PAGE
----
Fighting to stay conscious, Kazue grasped the sword and yanked it from its sheath, stabbing blindly at the body of the ministry guard. As they struggled, onlookers screamed and yelled hysterically, scurrying out of the way. Kazue was pleased to hear a grunt of pain as he felt the sword pierce the guard’s torso. His vision beginning to cloud, Kazue stabbed with the sword again and connected a second time. He shoved vehemently, pushing the blade deeper into the ministry guard’s flesh. The guard shuddered and sank to his knees, releasing Kazue in the process. Gasping for air and clutching his throat, Kazue struggled to his feet and staggered away into the crowd.

Jo sat stone faced across from Kazue as he related the story, knowing what he was going to ask her and dreading having to give him an answer.

“I was able to shake them in the market, but only just,” Kazue finished, shaking his head at the memory, “Who knows how many people are looking for me, Jo. If someone talked, they likely know everything about me. Except you, of course. I never told anyone about you.”

“You want to leave, don’t you, Kazue?” Said Jo abruptly, cutting him off.

Kazue blinked, surprised at her sudden response, then replied, “It’s the only way I’ll be safe, Jo. I’ll come back. You think I would turn my back on you, on Cantha after I’ve spent so much time fighting for you both?”

“I think you mean to come back, Kazue, I really do. But what happens when you leave, if that’s even possible, and you live somewhere far away with no ministry and no emperor and not a care in the world?”

“I plan,” said Kazue firmly, slamming his fist on the table, “I gather allies, garner support, build an army. I do that, then I come back and win back Cantha. I have contacts who can get me on a boat tonight, then I’ll –“

“You’d forget about Cantha, Kazue. You’d forget, and when you’d remember, you’d push it away because life would be good and you wouldn’t want to think about it. You’d never come back.”

Kazue stood up from the table and moved behind where Jo was sitting. Resting his hands on her shoulders, he said softly, “I won’t forget you, Jo. I could never forget you. No matter where I’ll be, I’ll always want to come back to you.”

“No you won’t,” said Jo, closing her eyes and drawing in a deep, steadying breath, “Because I’m coming with you.”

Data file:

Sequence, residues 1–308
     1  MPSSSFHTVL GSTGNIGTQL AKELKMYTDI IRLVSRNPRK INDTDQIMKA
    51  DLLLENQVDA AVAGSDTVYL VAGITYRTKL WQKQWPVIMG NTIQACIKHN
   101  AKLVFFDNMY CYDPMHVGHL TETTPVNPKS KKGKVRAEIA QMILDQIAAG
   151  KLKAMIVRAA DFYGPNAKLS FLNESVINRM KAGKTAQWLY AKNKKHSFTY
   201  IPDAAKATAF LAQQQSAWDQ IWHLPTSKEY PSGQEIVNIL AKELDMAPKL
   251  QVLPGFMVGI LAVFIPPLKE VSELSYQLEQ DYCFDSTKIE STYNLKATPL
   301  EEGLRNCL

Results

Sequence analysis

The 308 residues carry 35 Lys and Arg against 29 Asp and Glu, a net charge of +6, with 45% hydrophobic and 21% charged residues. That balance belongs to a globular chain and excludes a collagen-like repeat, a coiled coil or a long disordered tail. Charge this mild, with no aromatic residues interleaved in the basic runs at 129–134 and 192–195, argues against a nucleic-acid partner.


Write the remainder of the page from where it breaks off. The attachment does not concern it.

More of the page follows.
Waves lapped gently at the rocky shoreline, causing the small sloop to bob lightly at its mooring outside a dark, gloom-filled cave. Jo sat at the boat’s prow, gazing out across the open ocean.

“You sure you want her along?” asked the cloaked Order of Whispers agent in a hushed tone.

“No, but she wants to come, and nothing’s going to stop her,” Kazue replied, glancing over at Jo and smiling faintly.

“Right. Well, Agent Fey here,” the agent gestured at another cloaked figure that seemed to have appeared out of thin air next to him, “is going to be your captain and navigator.”

Kazue reached out and shook Agent Fey’s hand heartily, “Thank you so much for helping us, Fey.”

“The liberation of Cantha is in the Order’s interest, though you’ll have a tough time garnering support, what with the whole elder dragon issue. Still, you’re lucky Zhaitan’s dead, or we wouldn’t be having this conversation. “

“I’m just glad Agent Redding here bothered to contact our little resistance at all.”

“Standard procedure,” said Redding.

“Well,” said Fey, “Tyria is a long way away, we’d best get underway.”

“Right, let’s go then,” Kazue replied excitedly.

As Fey and the small Order of Whispers crew made final preparations before casting off, Kazue stood with Jo at the bow of the ship.

“Weigh anchor and drop sail!” shouted Fey. Within minutes, Kazue and Jo could feel the small ship moving away from the place that they had called home their entire lives. Help is on the way, thought Kazue as he took one last look at the rocky shoreline. Tyria will help us. They have to, and when they do, we can all move forward together, toward a brighter future.

Intrigued by the turmoil and unrest shaking present day Cantha? Be sure to check GuildMag’s new Cantha Issue for more information and speculation on the state of this mysterious, faraway nation.

Special thanks to Dayo, Redwolf, and Tavoc for helping with the images.